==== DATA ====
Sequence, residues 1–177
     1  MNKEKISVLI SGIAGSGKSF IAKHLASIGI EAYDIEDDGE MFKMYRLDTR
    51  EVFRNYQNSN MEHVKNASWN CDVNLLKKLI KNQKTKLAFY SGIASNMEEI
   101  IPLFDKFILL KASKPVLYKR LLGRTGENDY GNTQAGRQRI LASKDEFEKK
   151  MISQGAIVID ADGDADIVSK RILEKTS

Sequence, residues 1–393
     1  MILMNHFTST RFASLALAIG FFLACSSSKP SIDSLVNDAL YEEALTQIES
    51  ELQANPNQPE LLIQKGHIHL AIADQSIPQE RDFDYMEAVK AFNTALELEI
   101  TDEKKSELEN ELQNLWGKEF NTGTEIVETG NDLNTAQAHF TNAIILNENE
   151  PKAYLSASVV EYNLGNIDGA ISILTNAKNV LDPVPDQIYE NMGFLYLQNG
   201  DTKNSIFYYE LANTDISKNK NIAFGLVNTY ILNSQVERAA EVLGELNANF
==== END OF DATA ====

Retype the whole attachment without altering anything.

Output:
Sequence, residues 1–177
     1  MNKEKISVLI SGIAGSGKSF IAKHLASIGI EAYDIEDDGE MFKMYRLDTR
    51  EVFRNYQNSN MEHVKNASWN CDVNLLKKLI KNQKTKLAFY SGIASNMEEI
   101  IPLFDKFILL KASKPVLYKR LLGRTGENDY GNTQAGRQRI LASKDEFEKK
   151  MISQGAIVID ADGDADIVSK RILEKTS

Sequence, residues 1–393
     1  MILMNHFTST RFASLALAIG FFLACSSSKP SIDSLVNDAL YEEALTQIES
    51  ELQANPNQPE LLIQKGHIHL AIADQSIPQE RDFDYMEAVK AFNTALELEI
   101  TDEKKSELEN ELQNLWGKEF NTGTEIVETG NDLNTAQAHF TNAIILNENE
   151  PKAYLSASVV EYNLGNIDGA ISILTNAKNV LDPVPDQIYE NMGFLYLQNG
   201  DTKNSIFYYE LANTDISKNK NIAFGLVNTY ILNSQVERAA EVLGELNANF